Study: Breaking up hurts housing, wallet
(MoneyWatch) You know the breakup is coming. Now you have to figure out where you and your soon-to-be-ex are going to live. Are you going to move out or will your ex?
According to a new survey from Rent.com, nearly 40 percent of renters have ended a relationship while living together, and 62 percent of those who broke up with their significant other stayed in the same home for at least a month after the breakup.
The survey found that 40 percent of renters continued living together for approximately three months to a year and 13 percent stayed with their ex at least a year.
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Changing abodes, it appears, is more complicated than flipping your relationship status on Facebook, though there are some differences between how men and women deal with a breakup and move: The survey found that women were especially quick to move out, with 40 percent packing up and leaving within two weeks, versus just 34 percent of their male counterparts. And yet, out of the 13 percent who stayed at least a year, 65 percent were women.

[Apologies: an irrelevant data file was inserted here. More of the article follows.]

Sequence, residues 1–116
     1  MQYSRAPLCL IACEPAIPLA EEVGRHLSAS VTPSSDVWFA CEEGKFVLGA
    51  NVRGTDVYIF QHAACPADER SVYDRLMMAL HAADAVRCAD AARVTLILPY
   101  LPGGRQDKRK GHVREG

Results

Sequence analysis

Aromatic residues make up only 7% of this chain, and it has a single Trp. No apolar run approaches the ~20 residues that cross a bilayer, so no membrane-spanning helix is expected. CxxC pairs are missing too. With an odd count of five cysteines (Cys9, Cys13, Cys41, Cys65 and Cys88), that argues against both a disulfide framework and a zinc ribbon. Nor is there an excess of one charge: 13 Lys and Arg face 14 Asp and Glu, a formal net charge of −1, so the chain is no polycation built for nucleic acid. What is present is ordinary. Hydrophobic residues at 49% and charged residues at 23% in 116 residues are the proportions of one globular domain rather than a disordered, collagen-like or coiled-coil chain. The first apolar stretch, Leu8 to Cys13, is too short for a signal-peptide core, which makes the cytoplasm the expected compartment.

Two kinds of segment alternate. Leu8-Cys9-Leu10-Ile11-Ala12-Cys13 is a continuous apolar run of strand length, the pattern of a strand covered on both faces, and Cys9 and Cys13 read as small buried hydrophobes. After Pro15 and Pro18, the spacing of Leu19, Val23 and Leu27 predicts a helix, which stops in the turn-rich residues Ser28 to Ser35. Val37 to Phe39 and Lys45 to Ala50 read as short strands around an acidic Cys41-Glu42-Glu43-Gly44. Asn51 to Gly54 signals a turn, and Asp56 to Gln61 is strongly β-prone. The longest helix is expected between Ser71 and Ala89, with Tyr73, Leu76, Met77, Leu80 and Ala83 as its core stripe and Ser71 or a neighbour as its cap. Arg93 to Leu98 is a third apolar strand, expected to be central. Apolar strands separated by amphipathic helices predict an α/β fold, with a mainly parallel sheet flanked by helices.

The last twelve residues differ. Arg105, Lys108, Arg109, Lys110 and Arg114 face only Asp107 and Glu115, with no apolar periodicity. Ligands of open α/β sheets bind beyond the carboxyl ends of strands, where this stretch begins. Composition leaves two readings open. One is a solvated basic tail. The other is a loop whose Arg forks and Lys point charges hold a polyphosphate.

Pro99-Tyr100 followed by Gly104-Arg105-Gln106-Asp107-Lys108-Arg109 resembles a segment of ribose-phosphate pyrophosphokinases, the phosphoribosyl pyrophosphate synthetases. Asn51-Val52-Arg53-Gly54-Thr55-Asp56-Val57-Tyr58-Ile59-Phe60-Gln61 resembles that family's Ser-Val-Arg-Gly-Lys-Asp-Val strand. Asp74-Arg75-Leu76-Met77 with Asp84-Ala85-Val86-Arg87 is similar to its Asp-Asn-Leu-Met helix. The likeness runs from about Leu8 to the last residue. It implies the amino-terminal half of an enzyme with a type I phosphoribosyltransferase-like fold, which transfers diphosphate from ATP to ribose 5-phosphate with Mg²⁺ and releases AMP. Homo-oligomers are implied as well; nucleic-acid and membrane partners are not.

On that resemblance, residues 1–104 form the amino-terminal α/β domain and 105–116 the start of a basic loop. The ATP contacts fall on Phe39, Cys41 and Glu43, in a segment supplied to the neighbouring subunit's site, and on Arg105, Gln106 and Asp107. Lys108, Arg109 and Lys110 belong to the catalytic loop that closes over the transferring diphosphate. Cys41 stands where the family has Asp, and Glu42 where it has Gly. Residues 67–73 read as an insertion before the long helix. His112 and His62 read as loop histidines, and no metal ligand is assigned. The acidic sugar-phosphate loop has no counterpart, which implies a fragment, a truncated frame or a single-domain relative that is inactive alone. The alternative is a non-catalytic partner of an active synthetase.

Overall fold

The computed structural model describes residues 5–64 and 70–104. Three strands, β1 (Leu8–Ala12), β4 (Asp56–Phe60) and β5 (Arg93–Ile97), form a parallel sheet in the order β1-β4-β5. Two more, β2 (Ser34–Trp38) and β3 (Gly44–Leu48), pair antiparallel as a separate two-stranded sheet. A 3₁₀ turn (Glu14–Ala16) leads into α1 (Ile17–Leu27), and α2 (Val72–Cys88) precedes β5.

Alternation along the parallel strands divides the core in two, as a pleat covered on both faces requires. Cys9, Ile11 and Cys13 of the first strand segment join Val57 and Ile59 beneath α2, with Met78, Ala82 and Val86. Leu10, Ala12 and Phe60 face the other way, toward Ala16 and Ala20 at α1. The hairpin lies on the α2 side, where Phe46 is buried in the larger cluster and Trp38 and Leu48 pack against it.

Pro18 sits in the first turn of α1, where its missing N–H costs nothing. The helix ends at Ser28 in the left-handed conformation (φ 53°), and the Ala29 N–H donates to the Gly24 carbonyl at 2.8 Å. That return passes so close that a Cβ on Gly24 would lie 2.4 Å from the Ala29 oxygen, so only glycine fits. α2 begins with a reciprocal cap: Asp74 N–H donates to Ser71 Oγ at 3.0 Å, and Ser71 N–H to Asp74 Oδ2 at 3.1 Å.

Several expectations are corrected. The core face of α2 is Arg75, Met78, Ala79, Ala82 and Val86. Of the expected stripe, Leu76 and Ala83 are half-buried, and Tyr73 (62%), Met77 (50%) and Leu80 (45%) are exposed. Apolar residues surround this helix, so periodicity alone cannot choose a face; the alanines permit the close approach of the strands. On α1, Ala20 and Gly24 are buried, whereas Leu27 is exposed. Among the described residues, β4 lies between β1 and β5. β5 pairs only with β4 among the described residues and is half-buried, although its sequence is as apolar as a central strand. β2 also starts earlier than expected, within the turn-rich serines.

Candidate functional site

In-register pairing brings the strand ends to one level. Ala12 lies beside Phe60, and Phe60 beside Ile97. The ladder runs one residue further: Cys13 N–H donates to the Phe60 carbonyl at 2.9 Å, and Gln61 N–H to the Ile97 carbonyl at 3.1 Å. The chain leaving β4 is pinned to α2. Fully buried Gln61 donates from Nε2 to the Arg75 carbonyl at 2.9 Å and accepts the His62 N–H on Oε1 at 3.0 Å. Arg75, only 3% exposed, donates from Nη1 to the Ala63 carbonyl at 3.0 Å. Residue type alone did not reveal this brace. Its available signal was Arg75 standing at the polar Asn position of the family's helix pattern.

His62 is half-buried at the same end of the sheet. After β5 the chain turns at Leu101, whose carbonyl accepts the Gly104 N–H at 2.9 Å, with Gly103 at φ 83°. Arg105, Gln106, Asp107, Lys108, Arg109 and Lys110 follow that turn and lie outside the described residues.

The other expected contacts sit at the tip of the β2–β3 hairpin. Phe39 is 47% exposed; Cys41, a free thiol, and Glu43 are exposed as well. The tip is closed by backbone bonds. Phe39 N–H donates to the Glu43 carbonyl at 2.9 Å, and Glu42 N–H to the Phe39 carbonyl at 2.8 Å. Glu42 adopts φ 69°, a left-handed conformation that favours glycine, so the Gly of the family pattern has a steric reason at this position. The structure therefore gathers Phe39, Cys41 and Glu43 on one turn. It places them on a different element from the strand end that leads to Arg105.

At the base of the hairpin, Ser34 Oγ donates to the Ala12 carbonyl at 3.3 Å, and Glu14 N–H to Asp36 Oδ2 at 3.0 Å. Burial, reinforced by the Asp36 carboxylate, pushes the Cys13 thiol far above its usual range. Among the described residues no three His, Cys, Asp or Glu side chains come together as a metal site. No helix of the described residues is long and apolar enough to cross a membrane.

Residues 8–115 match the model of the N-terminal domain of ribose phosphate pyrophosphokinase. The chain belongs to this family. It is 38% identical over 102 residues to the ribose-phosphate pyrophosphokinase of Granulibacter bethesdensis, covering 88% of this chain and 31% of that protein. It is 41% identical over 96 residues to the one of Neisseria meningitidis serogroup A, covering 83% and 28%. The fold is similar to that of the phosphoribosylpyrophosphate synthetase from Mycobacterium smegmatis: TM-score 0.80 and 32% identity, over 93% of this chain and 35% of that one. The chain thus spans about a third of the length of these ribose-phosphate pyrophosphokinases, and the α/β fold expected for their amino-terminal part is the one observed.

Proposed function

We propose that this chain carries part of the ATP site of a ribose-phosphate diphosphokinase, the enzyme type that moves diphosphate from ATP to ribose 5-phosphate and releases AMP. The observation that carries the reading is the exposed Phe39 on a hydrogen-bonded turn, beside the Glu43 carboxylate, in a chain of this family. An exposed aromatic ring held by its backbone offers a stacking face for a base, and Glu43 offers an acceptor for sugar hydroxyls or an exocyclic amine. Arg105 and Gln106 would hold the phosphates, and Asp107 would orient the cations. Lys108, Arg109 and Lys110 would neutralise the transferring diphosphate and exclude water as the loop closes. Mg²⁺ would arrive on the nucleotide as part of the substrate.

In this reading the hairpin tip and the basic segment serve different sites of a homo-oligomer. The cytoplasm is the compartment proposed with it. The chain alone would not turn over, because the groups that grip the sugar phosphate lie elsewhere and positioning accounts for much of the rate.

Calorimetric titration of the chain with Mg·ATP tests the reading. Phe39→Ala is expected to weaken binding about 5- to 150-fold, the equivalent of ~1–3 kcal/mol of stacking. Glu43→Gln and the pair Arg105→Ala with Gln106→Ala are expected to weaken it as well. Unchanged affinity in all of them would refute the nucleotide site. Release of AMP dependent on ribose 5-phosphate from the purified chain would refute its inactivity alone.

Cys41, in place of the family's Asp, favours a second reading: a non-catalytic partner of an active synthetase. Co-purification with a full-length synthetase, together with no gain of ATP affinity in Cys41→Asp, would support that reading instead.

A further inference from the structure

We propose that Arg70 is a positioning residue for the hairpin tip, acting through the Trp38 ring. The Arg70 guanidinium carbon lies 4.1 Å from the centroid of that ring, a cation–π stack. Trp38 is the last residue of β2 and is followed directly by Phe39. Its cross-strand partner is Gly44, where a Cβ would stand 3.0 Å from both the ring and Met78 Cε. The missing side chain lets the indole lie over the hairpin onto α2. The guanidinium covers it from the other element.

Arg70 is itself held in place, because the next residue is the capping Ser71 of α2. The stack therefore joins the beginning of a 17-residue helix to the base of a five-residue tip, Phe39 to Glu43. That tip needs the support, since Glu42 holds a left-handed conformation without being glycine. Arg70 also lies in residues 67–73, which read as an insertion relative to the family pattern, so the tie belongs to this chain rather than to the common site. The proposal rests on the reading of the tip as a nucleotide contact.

Why did couples stay together physically? The survey found that a third of renters stayed because they couldn't find an apartment they could afford. A quarter of all renters said they kept living together because they didn't see why they should be the one to have to leave the apartment. Twenty percent said they didn't have time to look for a place to live and it was simply easier to stay.
More than half of all renters, in all income brackets surveyed, said that actually dividing and moving all of their stuff was the hardest part of the breakup.
Separating the financial responsibilities of running the household wasn't as challenging. But money clearly plays a factor in the decision to move, since 11 percent of those surveyed said they couldn't move because they need their share of the security deposit cash back before being able to secure a new rental unit.
When it comes to lessons learned, it appears that there are a few:
- 32 percent of renters said if they decided to live with a significant other in the future, they would save more money before moving in
- 21 percent said next time they'd take out the apartment in their name so they'd have more control
- 17 percent said they'd keep all the bills for the apartment in one name
- Another 17 percent said they'd sign a pre-nuptial renting agreement
- 4 percent said they would label all of their things
- 27 percent said the solution is to never move in with anyone again.
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